[2] Quanguo Renmin Daibiao Dahui Changwu Weiyuanhui Guanyu Xianggang Tebie Xingzhengqu Xingzheng Zhangguan Puxuan Wenti He 2016 Nian Lifa Hui Chansheng Banfa De Jueding (全國人民代表大會常務委員會關於香港特別行政區行政長官普選問題和 2016 年立法會產生辦法的決定) [Decision of the Standing Committee of the National People’s Congress on Issues Relating to the Selection of Chief Executive of the Hong Kong Special Administrative Region by Universal Suffrage and on the Method for Forming the Legislative Council of the Hong Kong Special Administrative Region In the Year 2016] (adopted by the Standing Comm. Nat’l People’s Cong., Aug. 31, 2014).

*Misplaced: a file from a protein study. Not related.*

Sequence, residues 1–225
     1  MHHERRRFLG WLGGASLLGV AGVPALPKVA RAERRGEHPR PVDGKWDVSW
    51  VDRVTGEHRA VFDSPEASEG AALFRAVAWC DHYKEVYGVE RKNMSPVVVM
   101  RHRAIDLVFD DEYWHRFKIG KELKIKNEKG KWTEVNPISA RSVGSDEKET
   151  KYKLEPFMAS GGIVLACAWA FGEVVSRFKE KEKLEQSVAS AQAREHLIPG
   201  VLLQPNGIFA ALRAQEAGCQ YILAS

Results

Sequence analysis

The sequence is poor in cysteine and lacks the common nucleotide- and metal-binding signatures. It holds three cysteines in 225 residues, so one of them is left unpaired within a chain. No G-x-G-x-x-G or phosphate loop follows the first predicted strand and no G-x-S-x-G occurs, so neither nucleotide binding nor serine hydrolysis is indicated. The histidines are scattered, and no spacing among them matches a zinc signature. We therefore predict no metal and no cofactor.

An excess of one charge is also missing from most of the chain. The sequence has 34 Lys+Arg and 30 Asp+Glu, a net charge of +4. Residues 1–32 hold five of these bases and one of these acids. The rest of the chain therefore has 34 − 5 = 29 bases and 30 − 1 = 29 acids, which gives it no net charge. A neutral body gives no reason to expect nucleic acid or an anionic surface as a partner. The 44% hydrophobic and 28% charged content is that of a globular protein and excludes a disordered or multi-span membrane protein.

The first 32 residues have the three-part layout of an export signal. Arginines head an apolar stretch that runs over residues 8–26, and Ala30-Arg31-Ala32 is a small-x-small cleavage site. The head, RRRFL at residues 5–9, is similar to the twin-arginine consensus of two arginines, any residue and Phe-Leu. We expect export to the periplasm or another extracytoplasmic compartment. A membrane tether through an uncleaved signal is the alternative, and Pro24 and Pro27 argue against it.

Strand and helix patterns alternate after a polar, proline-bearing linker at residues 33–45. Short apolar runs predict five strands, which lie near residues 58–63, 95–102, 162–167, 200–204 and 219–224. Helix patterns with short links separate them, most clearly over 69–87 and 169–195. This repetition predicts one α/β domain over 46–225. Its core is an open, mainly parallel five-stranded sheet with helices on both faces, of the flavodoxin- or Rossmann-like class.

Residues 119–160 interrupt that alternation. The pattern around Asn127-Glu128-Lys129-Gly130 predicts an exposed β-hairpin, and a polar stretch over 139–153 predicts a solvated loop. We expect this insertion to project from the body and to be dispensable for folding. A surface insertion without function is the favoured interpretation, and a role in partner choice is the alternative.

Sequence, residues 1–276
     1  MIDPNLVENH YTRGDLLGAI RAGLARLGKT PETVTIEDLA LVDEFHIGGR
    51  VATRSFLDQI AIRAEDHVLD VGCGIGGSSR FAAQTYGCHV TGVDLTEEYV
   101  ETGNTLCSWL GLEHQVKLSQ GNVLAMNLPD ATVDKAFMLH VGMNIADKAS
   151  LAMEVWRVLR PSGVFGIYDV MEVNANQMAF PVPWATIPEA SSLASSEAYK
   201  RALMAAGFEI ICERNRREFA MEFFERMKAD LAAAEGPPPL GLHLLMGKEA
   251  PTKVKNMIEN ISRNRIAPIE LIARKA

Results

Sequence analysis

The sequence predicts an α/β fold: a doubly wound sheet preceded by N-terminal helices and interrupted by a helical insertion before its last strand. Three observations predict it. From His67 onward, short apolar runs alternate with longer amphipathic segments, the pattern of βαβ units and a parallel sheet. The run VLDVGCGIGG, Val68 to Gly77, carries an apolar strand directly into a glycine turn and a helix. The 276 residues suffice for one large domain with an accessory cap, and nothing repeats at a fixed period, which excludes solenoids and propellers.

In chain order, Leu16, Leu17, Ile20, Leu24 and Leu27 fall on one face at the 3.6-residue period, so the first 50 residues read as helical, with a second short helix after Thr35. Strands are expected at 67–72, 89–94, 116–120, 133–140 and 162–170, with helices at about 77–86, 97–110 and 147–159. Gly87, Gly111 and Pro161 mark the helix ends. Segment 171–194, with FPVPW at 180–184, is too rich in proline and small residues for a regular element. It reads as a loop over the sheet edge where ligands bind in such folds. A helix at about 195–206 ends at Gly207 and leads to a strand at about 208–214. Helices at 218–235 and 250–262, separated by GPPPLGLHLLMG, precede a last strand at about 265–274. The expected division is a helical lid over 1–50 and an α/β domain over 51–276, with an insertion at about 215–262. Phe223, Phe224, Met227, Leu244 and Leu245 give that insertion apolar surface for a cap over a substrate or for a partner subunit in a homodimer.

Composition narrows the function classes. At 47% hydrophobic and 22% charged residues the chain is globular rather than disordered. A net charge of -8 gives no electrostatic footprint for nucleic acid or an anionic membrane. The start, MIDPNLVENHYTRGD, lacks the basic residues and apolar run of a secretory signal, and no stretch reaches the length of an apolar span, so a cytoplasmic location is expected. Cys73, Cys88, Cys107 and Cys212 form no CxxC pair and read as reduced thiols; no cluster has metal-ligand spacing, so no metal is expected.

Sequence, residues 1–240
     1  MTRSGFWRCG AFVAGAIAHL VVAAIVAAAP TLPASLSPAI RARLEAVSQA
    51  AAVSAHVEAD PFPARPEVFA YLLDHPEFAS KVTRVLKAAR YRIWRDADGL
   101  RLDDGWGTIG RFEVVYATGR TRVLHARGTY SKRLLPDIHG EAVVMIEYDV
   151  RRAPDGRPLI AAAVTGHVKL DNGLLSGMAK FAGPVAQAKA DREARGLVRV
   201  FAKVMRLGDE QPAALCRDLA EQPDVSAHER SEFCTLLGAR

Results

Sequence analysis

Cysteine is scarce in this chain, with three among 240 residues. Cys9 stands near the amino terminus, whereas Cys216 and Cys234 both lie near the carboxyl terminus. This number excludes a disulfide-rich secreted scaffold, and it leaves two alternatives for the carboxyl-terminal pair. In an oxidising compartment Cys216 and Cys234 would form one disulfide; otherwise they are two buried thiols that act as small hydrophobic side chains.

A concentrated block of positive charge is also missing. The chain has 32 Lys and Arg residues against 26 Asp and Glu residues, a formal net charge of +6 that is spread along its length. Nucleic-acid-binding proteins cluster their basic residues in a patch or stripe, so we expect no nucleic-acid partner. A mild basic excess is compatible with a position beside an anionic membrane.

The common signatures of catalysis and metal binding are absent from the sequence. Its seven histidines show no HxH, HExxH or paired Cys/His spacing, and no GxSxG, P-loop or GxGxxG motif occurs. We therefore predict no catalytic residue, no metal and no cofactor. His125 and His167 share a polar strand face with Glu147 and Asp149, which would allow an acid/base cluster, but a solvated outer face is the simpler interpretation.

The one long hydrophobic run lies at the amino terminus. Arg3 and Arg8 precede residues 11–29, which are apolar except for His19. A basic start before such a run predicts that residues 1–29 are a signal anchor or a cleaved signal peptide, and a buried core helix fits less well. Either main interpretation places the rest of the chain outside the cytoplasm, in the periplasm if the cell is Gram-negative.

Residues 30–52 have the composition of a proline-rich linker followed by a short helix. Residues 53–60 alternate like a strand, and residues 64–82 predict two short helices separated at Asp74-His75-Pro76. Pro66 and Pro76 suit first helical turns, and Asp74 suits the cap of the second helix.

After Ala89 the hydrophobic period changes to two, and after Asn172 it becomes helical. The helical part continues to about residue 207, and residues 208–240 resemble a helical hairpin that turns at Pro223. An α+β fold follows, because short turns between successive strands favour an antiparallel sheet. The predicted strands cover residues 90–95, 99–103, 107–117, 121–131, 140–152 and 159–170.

[3] See Xianfa arts. 113–114 (1982) (China); Xia Chunli, To Be the Masters of Their Own Affairs: Minorities’ Representation and Regional Ethnic Autonomy in the People’s Republic of China, 8 Asia-Pac. J. on Hum. Rts & L. 24, 28–29 (2007).

[4] Cao’s article also raised hackles by suggesting that the first “governing team” included the robustly independent Hong Kong judiciary – a sentiment repeated in the State Council’s White Paper of 2014.


Leave a Reply

Your email address will not be published. Required fields are marked *